I am a PhD student in mathematics. I felt quite lucky that I got into this program. My research is also going ok, and I got some confirmation from my advisor that I should be able to graduate in a year or two if I keep up with my work. So things were mostly good. But a recent conversation with my advisor completely changed my view about my situation.
We just finished one of our projects and naturally got to the question of when I should graduate. Then We start to discuss my plans after graduation. He asked me whether I want to find a job in industry or stay in academia. I said I want to remain in academia, find a postdoc, then a tenure-track position, etc. He then told me that there are very few places that have postdocs in my area, and indicated maybe I should look for schools that majorly focus on teaching.
I was very shocked. I always wanted to stay in academia and thought about going to good research schools. In fact we talked about this when I first asked to be his student. But for some reason, he kept asking me the same question every once in a while.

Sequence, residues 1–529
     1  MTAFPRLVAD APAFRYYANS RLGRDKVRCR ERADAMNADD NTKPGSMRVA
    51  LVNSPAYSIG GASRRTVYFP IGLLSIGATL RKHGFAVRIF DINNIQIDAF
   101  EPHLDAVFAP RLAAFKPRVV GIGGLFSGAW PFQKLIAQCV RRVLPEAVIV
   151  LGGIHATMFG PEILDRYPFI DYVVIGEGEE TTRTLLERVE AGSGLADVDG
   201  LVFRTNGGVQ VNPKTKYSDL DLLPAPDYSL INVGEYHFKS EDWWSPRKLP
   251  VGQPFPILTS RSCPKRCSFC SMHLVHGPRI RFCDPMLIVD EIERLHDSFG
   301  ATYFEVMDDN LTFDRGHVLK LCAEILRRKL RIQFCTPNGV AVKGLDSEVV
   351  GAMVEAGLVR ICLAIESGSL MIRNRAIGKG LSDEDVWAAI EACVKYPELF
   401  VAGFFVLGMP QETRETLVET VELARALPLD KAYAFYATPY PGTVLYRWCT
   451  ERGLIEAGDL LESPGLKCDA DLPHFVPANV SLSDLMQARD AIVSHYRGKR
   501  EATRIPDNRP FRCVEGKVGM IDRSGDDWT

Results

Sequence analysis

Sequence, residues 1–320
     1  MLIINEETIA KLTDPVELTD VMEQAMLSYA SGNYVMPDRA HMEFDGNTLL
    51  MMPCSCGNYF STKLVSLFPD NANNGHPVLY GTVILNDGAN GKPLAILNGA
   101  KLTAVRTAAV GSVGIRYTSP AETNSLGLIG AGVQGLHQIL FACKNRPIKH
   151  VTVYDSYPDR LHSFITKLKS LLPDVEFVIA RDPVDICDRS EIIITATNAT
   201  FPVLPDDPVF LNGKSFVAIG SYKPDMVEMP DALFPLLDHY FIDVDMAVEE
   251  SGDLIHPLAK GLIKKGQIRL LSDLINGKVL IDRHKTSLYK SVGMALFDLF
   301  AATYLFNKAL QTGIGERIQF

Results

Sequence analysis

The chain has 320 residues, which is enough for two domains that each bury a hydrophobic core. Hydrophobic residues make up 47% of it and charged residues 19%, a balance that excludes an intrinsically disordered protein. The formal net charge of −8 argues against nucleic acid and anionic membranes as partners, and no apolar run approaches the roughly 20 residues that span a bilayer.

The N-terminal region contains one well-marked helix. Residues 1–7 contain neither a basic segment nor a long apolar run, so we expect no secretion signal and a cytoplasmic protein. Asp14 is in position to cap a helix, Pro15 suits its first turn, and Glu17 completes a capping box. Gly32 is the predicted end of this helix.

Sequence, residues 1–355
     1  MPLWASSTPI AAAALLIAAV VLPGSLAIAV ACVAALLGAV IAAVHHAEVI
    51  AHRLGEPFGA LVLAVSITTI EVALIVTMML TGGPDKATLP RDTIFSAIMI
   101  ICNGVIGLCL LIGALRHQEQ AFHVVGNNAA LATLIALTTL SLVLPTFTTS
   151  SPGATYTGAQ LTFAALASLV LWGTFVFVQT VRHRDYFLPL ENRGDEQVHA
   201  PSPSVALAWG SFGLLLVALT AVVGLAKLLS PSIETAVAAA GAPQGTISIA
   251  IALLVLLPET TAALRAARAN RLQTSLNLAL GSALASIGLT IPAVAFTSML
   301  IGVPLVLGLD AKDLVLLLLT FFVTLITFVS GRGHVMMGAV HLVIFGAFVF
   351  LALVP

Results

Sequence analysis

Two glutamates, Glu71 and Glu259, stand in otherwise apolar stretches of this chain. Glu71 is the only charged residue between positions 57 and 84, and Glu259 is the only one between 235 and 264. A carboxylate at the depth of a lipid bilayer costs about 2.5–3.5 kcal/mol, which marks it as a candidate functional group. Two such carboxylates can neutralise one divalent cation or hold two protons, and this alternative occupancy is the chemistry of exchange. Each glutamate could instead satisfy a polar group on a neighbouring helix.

I went home and start search on mathjobs.org for positions in my area, which I probably should have done three years ago. There were almost nothing. There are two postdoc positions, both are from not very well-known schools, I don't quite have interests in applying to either one of them.
I am quite lost. On one hand, I wish I knew this much earlier on. I wish my advisor would have told me before he helped me pick this area. I also should've done some research on that myself. Now I just have so much regrets in my heart.
On the other hand, I think it's time to be realistic and rethink my plans. I wonder if it is still be possible for me to get a postdoc (possibly in one of the two places) and later go to a top-ranking school for tenure-track positions? If a school don't have anyone in your area, would they hire you as a tenure-track AP? I am not quite fond of teaching, I can bear it if it's part of my job being a researcher, but I would not want to do this as my sole job.
If that is not possible, what kind of job can a math PhD get? I had some experience in industry before as well, but I don't quite like that job. Are there research-type positions in companies that would appreciate a math major? If so, what kind of knowledge/skills should I pick up now?